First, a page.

In 1921, as the Black Shirts murdered socialists and communists across Italy, Mussolini gave a fiery speech in the Italian Chamber of Deputies, where he claimed to have “introduced into Italian socialism something of Bergson mixed with much of Blanqui” (Delzell 23). The Italian communist leader Antonio Gramsci observed: “Mussolini took over only the superficial aspects of Blanquism. Or rather, he himself made it into something superficial, reducing it to the materiality of the dominant minority and the use of arms in a violent attack” (46). Only by severing Blanqui’s linkage to the Enlightenment and communism could Mussolini utilize him as an empty myth and man of action.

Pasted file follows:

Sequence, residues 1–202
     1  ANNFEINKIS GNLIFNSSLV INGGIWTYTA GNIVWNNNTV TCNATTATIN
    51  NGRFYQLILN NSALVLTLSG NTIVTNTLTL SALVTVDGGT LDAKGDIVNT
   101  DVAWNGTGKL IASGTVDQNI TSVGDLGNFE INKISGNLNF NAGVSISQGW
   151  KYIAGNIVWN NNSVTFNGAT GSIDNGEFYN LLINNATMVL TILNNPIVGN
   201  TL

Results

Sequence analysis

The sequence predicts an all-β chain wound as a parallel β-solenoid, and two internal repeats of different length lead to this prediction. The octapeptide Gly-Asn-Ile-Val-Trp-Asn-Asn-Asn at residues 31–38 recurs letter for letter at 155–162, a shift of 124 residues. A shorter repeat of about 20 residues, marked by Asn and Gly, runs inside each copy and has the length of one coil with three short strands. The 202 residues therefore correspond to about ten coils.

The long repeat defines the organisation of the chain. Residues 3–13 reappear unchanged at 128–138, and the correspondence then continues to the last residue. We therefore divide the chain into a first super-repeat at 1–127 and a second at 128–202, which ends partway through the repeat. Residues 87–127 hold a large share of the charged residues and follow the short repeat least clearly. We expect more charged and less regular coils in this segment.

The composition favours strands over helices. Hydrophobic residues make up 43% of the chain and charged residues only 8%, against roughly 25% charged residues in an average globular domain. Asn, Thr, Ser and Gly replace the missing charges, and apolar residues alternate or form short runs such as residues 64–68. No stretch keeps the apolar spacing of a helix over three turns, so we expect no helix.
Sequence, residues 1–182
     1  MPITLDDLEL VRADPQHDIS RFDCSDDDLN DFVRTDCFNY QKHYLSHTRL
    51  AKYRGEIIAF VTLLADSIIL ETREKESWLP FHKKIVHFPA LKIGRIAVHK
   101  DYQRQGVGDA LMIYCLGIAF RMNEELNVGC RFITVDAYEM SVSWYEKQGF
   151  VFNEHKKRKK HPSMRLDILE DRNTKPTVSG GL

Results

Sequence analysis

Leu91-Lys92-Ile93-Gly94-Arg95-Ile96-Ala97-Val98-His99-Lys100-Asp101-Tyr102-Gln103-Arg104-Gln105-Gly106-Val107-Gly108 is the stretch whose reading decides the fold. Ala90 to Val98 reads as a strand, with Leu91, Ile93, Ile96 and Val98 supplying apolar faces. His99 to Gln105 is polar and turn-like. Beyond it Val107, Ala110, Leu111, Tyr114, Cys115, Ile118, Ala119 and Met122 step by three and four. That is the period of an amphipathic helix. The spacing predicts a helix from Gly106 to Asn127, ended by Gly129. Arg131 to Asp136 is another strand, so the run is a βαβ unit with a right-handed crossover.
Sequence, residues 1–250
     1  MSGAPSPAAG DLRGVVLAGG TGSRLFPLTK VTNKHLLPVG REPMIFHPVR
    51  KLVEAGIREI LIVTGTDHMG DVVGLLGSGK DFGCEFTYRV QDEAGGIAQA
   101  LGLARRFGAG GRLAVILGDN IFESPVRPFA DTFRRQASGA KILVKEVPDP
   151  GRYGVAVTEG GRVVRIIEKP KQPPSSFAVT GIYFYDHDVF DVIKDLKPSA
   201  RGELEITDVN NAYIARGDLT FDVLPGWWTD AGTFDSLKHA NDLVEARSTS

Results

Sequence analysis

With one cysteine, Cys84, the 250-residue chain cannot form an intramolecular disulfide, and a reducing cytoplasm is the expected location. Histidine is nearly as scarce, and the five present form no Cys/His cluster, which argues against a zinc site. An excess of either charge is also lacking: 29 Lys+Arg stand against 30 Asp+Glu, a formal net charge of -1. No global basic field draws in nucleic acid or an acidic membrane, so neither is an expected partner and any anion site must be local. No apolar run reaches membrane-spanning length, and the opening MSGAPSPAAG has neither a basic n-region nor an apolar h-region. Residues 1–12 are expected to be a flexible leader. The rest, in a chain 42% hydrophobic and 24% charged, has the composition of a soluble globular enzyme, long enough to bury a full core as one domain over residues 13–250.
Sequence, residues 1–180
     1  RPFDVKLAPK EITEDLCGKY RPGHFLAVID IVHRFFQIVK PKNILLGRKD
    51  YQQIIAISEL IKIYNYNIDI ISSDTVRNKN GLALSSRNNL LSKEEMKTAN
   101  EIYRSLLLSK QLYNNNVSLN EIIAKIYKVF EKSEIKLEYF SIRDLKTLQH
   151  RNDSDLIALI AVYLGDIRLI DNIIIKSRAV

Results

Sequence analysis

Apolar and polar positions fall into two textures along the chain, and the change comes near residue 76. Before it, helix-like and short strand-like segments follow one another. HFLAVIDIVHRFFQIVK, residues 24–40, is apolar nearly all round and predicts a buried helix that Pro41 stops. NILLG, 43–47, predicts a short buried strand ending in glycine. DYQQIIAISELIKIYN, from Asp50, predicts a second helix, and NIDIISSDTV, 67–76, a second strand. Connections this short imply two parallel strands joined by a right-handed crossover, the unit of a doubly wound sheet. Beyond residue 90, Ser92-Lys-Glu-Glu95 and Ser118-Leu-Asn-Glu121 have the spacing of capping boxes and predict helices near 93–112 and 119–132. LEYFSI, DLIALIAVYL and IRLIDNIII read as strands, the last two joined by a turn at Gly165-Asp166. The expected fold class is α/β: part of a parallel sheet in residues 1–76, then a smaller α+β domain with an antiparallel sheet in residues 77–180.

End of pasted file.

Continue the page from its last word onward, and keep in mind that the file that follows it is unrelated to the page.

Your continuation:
Opposed to Mussolini were Blanqui’s true philosophical and revolutionary heirs among the Communist deputies, who promised to fulfill the promises of the Enlightenment. Mussolini condemned the communists for championing the “dictatorship of the proletariat…of soviets and other absurdities…” (Delzell 23). Correctly, Mussolini understood that between the two worldviews of communism and fascism that compromise was impossible and “there can only be combat between us.” Communists stood for revolution and the Radical Enlightenment, while fascists were counter-revolutionaries who stood for the destruction of reason.